Posted by Hatka Hatnaa Posted on 7:37:00 AM
Despite being venomous predators, scorpions are valuable as prey because many are relatively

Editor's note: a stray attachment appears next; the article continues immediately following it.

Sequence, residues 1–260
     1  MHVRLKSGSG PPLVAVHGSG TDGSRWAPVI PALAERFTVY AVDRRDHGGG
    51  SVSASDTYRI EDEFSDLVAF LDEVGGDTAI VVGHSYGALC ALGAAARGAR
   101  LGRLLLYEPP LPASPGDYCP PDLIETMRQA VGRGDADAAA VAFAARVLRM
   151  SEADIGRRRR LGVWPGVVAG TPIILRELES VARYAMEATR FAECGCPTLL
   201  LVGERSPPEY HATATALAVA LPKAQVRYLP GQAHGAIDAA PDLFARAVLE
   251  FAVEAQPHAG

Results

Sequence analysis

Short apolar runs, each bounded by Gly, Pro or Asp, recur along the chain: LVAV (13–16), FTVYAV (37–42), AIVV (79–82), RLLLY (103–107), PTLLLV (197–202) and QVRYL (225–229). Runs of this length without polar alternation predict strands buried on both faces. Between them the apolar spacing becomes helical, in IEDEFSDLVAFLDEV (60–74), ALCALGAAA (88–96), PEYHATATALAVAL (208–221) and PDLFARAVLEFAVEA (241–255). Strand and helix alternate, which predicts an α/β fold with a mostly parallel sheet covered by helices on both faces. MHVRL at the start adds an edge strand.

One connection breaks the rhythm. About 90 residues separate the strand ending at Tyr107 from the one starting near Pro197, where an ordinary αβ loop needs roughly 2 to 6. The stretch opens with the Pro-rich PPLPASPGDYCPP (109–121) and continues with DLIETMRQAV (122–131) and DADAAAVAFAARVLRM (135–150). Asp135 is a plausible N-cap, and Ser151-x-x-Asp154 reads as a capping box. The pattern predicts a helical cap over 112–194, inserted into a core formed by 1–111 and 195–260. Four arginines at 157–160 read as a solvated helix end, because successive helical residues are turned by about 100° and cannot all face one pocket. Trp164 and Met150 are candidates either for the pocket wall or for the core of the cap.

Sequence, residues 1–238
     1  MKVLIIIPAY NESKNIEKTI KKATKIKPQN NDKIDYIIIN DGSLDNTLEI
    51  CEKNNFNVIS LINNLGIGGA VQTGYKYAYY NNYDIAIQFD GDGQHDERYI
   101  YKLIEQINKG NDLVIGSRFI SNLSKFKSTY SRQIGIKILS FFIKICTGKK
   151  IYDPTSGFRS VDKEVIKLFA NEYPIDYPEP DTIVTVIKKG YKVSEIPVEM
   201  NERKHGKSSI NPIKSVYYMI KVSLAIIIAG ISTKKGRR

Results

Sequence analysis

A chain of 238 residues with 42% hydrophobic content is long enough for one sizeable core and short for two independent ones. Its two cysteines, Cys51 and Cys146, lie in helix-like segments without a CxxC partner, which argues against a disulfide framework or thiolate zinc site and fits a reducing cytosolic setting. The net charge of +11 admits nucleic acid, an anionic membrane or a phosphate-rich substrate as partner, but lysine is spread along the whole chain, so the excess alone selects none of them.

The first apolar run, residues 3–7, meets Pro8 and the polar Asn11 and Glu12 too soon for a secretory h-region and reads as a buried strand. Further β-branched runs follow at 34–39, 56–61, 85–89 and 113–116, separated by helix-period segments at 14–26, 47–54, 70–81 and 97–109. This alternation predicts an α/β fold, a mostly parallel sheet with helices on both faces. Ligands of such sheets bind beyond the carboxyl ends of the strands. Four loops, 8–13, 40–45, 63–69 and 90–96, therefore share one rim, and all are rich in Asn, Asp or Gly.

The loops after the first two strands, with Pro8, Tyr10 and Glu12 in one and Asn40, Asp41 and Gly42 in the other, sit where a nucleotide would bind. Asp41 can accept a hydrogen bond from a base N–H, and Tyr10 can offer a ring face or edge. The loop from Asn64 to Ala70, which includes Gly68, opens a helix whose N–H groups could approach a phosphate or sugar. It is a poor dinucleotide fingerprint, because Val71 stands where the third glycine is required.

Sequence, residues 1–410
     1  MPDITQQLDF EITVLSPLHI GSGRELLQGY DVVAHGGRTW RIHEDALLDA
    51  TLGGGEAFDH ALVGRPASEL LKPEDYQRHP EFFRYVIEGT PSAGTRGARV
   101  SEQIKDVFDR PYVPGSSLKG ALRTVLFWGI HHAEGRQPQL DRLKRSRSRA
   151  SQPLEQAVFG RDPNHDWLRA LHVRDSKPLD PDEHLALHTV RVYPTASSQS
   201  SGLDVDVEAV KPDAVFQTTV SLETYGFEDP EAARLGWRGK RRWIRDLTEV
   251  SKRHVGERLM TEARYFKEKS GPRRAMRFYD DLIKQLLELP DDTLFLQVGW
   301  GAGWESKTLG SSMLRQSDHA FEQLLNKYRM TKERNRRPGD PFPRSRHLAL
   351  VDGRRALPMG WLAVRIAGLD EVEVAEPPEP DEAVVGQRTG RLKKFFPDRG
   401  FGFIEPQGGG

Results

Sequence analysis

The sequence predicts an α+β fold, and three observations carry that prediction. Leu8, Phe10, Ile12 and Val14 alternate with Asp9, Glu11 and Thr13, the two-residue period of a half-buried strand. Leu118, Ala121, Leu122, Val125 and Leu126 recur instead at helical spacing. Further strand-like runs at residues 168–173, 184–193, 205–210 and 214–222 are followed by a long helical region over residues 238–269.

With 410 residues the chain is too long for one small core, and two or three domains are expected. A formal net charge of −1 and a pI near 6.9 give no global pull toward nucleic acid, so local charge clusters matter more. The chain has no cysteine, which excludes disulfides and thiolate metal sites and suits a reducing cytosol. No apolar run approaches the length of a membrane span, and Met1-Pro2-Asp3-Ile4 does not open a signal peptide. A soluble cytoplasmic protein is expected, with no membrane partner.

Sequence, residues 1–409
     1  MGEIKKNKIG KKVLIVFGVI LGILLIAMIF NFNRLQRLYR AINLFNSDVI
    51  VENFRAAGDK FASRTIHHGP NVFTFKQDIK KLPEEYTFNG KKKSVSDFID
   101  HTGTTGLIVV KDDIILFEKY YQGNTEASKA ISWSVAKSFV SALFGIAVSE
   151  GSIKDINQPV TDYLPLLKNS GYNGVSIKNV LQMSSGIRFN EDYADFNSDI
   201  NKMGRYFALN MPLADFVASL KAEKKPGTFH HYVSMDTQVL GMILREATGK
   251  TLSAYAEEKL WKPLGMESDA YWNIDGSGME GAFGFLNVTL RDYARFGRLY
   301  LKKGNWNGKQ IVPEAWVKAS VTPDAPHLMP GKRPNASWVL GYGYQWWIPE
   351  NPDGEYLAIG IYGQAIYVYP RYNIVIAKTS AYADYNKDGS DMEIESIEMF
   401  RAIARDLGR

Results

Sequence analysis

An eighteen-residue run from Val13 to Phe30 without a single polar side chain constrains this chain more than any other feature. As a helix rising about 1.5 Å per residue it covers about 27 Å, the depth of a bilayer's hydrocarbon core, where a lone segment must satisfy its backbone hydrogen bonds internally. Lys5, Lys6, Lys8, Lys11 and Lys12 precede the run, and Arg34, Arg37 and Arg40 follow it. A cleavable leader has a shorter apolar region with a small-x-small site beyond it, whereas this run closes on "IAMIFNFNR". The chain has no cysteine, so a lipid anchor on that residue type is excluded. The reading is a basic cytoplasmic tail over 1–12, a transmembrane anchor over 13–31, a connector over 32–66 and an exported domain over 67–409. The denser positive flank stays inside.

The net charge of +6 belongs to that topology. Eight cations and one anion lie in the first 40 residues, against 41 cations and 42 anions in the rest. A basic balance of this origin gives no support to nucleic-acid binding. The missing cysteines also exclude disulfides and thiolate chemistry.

large and quite abundant. Birds (mostly owls), lizards, a few small snakes, mammals (some rodents and carnivores), and frogs and toads all eat scorpions. A few vertebrates even specialize on scorpions, at least seasonally. Some scorpions are their own worst enemies, with both cannibalism and predation on other species being common. Such predation can be a major mortality factor and may limit the abundance and distribution of some species. A few large arthropods (spiders, solpugids, centipedes) also eat scorpions.Scorpions exhibit several antipredator adaptations. The most obvious is the venom-conducting stinger. Venom has dual functions: offensive and defensive. One of its chemical components is toxic to arthropods (for prey capture), while another is active against vertebrates (for predator deterrence). Nocturnal activity and scorpions’ tendency to keep hidden may have evolved to avoid predation. Most species are active for only a few hours on 20 to 50 percent of all nights in a year. Many predators, however, are able to handle scorpions safely. Most vertebrate predators will bite or break off the scorpion’s tail. Some vertebrates and arthropods are immune to scorpion venom, even from species that are lethal to humans.